A man, Per-Olof Svensson was apprehended on September 16 and detained as suspect to the murder on justifiable grounds, the lowest degree of suspicion. On September 24, the Police announced that a new suspect, Mijailo Mijailovic, had been apprehended and arrested, at the higher level of suspicion, probable cause. It is likely that evidence suggests a stronger case against the new suspect. Following the arrest it was announced that the previous suspect had been released. On September 25 it was announced that the DNA-profile of Mijailovic matches that of hairs found on the baseball cap, left at or near the scene of the crime. He also resembles the man filmed in the store where Lindh was attacked.
After previously having denied all involvement, on January 6, 2004, Mijailovic admitted to the deed and gave a full account of the events on September 10, in an extra session of police questioning requested by Peter Althin , Mijailovic's counsel. He was found guilty in the trial from January 14 to January 17, and following the psychiatric evaluation he was sentenced to life imprisonment March 23. However, on July 8, an appeals court overturned Mijailovic's sentence after tests had concluded that he was suffering from a mental illness at the time of the killing. He was then transferred from prison to a closed psychiatric ward. Prosecutors re-appealed into Swedish Supreme Court which eventually on December 2 re-instated the life imprisonment. Mijailovic has then expressed his willingness to be transferred to Serbia, but it is very unlikely that his wish will be granted to him because of safety issues concerning Serbian prisons.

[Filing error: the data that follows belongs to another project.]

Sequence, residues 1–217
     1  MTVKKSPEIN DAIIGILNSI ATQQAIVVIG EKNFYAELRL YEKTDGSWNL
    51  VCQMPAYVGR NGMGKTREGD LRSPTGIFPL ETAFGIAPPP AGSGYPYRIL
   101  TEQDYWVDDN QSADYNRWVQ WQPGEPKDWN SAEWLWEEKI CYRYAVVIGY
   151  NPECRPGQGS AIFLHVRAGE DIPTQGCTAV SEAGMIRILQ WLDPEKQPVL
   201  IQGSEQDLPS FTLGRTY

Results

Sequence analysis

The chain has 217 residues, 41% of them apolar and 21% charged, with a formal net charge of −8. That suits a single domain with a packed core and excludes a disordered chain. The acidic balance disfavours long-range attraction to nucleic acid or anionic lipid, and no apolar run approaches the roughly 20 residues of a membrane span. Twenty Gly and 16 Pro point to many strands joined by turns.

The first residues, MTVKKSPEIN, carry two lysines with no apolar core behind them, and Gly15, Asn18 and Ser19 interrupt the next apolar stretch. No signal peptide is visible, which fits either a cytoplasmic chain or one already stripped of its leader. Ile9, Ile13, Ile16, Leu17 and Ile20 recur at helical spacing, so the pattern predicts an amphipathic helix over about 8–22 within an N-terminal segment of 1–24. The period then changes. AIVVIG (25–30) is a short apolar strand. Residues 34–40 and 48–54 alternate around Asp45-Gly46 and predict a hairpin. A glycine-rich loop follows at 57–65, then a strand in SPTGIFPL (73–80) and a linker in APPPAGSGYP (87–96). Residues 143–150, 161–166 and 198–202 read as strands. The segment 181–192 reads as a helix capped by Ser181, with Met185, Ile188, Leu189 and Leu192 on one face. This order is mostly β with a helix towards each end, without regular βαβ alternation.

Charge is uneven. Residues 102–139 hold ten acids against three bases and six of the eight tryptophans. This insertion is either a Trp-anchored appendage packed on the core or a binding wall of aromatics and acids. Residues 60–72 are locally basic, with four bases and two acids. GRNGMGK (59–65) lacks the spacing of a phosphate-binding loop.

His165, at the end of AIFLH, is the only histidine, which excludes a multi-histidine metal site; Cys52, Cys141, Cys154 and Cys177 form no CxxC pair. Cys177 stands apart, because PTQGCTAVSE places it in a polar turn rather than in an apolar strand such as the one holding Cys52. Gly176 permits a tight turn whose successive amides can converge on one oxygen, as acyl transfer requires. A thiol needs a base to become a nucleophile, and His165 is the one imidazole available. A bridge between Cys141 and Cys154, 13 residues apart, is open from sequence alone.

Anna Lindh was an outspoken campaigner for Sweden to join the euro in the referendum held on Sunday, September 14. Following the attack, all euro-campaign events, for both the yes and no camps, were immediately cancelled. Television campaign commercials were withdrawn from broadcasting, all campaign advertising on billboards was to be removed, advertising in printed media cancelled, etc. The assassination was widely interpreted as an attack on the free and open society that is a hallmark for Sweden and that this was a time for unity rather than political campaigning.
Following a meeting, held at midday September 11, with Prime Minister Göran Persson and the leaders of the other political parties in the Riksdag, the decision was taken not to let the assassination affect the schedule of the referendum. Information and resources on the issues of the referendum were to be fully available but no political campaigning or argumentation was to take place. The party leaders unanimously pledged support for holding the ballot as planned and to respect and abide by the outcome. Despite speculations that the sympathy for Lindh could influence the voting behavior, the euro was rejected in the referendum.
Following the death of Mrs. Lindh, the junior minister in the Ministry for Foreign Affairs, Jan O. Karlsson, was made acting Minister for Foreign Affairs. In October Laila Freivalds was appointed as the successor to Anna Lindh's Cabinet post.
A number of commemorative gatherings were held for Anna Lindh through out Sweden, on September 12–September 13. A more formal commemorative gathering was held at Stockholm City Hall on September 19. Speakers at this gathering were, notably, Göran Persson, Prime Minister, Chris Patten, Margot Wallström, European Commissioners, and the Swedish-speaking George Papandreou, Foreign Minister of Greece. U.S. Secretary of State Colin Powell could not participate because storms prevented his plane from taking off, but he sent his condolences. The burial ceremony was held privately on September 20, at the Church of Ersta in Stockholm. Anna Lindh's grave is in the cemetery of the nearby Katarina kyrka.
The contents of this article is licensed from www.wikipedia.org under the GNU Free Documentation License. Click here to see the transparent copy and copyright details